Miami Long-Term Disability Insurance Attorney Answers Important Questions [Part II]

J.P. Gonzalez-Sirgo
Founder of J.P. Gonzalez-Sirgo, P.A.

This is the second installment in our three-part blog post in which we answer important questions about long-term insurance disability (LTD) policies, the claims process, and challenging a denial.  While we have attempted to address many general questions, we invite you to contact us regarding issues directly relevant to your situation.

How does LTD insurance relate to social security or worker’s compensation benefits?

While long-term disability insurance policies are private insurance plans offered by insurers like Harford, Aetna, The Standard and Met Life, social security disability is a government provided program.  The programs involve different terms, limits and restrictions.  It is important to carefully review your LTD policy because many policies have provisions that permit the insurer to reduce disability payments based on the amount received for an incident or disability through worker’s compensation or social security disability insurance (SSDI).

Does it matter whether state or federal law controls your long-term disability claim?

If you have a choice, you are much better off if your claim is controlled by state law because ERISA, which governs LTD claims under federal law is notoriously pro-insurer.  Further, state courts can be more hospitable because a jury, which might be sympathetic to a policyholder mistreated by an insurance company, often decides the case.  In federal court, a claim governed by ERISA will be decided by a federal judge.  The legal standards applied in federal court also make appealing a denial more difficult.  Federal appellate judges considering the appeal of a decision in favor of the insurer might be legally required to apply the “abuse of discretion” standard, which is a much more difficult standard of review when appealing a trial judge’s ruling.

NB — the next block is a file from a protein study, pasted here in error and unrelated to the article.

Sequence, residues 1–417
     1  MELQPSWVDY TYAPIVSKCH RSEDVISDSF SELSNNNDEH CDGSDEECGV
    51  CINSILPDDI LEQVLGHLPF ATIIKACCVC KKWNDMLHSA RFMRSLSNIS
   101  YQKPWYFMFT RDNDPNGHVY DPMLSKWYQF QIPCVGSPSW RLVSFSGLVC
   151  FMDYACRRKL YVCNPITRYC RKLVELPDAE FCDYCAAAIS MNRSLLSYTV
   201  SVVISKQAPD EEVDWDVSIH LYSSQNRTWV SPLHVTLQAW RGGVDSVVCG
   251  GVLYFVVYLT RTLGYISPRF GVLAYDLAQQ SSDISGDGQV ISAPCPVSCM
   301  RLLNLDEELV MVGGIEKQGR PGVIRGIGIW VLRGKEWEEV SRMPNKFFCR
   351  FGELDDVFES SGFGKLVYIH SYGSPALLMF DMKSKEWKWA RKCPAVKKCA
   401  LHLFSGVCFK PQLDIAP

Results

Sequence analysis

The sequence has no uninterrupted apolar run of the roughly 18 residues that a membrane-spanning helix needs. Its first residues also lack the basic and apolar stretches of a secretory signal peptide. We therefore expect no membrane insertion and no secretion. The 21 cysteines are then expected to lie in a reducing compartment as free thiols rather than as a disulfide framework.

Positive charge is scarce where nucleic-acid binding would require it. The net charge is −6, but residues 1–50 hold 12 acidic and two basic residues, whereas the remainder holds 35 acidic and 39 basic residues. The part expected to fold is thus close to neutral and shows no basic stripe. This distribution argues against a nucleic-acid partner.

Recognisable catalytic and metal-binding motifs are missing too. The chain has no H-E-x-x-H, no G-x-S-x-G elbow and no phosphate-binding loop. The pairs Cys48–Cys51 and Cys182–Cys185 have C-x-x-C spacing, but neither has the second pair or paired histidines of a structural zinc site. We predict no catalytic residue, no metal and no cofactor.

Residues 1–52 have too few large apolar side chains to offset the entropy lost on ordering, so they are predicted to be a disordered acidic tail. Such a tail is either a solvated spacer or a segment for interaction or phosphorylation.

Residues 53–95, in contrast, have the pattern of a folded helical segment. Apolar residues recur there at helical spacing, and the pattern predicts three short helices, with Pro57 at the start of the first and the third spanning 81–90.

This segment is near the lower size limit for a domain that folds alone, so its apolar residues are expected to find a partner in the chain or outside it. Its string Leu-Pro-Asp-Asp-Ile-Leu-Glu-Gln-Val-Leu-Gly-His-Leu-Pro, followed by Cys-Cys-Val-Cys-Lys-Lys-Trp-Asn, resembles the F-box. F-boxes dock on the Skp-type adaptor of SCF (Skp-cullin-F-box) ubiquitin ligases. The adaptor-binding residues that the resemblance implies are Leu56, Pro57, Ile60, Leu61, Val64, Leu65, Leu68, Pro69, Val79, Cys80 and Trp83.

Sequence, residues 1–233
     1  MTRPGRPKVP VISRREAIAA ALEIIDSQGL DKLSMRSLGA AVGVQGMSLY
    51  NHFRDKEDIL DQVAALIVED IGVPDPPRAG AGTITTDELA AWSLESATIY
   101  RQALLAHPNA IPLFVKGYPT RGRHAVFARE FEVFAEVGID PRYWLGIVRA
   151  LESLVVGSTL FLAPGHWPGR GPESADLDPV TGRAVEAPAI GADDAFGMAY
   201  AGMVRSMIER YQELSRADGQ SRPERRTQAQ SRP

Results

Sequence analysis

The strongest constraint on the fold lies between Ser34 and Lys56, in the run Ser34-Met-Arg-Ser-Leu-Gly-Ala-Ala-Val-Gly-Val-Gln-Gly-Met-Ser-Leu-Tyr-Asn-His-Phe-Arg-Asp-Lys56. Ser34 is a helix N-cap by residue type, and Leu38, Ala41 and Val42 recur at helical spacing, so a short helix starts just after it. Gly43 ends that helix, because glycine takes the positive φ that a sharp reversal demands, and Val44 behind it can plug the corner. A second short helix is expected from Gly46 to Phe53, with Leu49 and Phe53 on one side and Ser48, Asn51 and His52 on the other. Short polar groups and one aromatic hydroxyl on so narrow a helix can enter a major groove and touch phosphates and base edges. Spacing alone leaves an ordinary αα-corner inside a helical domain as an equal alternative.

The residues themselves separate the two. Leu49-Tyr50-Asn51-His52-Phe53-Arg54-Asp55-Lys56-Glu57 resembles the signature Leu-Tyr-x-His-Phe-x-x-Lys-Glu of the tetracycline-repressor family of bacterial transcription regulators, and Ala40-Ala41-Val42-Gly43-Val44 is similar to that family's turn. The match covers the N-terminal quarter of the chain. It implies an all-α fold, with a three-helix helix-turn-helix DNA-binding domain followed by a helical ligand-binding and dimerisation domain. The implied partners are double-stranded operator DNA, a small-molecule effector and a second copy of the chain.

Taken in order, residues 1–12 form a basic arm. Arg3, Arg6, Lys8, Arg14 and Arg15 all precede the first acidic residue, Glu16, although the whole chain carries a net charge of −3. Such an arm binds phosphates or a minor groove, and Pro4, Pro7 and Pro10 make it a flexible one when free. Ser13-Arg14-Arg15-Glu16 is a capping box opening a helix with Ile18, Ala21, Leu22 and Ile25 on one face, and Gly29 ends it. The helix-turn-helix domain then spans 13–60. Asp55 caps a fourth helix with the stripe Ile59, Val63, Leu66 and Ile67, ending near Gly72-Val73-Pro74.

What should you do after your LTD claim has been denied?

If your insurance company denies your claim, you will receive a letter that references an “appeal” process.  Generally, you will be required to exhaust any administrative appeals before filing a lawsuit.  The denial letter you receive will include critical information, including the deadline to request an administrative appeal.  The appeal will be handled by a different division of the insurance company, so policyholders need to make sure they send their request for an appeal to the right address.

Policyholders might want to consider retaining an attorney during the administrative appeals process though legal representation is not mandatory.  While an administrative proceeding is less formal than a courtroom hearing, there are still compelling reasons not to wait until you are embroiled in litigation in court to hire a disability insurance claims lawyer.  The information that might be considered later by a judge if you file a lawsuit may be limited to evidence presented during the appeal.  

What kinds of evidence may be used to appeal a denial of benefits?

There are many types of medical reports, doctor opinions, and diagnostic scans that might be effective when challenging a disability benefits denial.  Examples of relevant evidence might include but are not limited to the following:

  • MRIs, CTs, or other diagnostic scans
  • Independent medical evaluations (IMEs)
  • Insured’s sworn statement describing functional limitations
  • Functional capacity evaluations (FCEs)
  • Video footage showing your functional limitations
  • Evidence from treating doctors
  • Opinions from medical specialists in practice specialties relevant to your disability

What deadlines apply to filing an administrative appeal of your disability insurance claim denial?

If you have disability insurance purchased directly from an insurer, the policy and letter denying your appeal will indicate the deadline for filing an appeal.  When a policyholder is pursuing a claim under a policy governed by ERISA, the deadline will typically range from 90 to 180 days during which you must submit evidence in support of your appeal.

We invite you to continue reading Part III of this blog post or speak to us if you have specific questions about your circumstances.  

You can reach Miami Insurance Claims Lawyer J.P. Gonzalez-Sirgo by dialing his direct number at (786) 272-5841, calling the main office at (305) 461-1095, or Toll Free at 1 (866) 71-CLAIM or email Attorney Gonzalez-Sirgo directly at [email protected].

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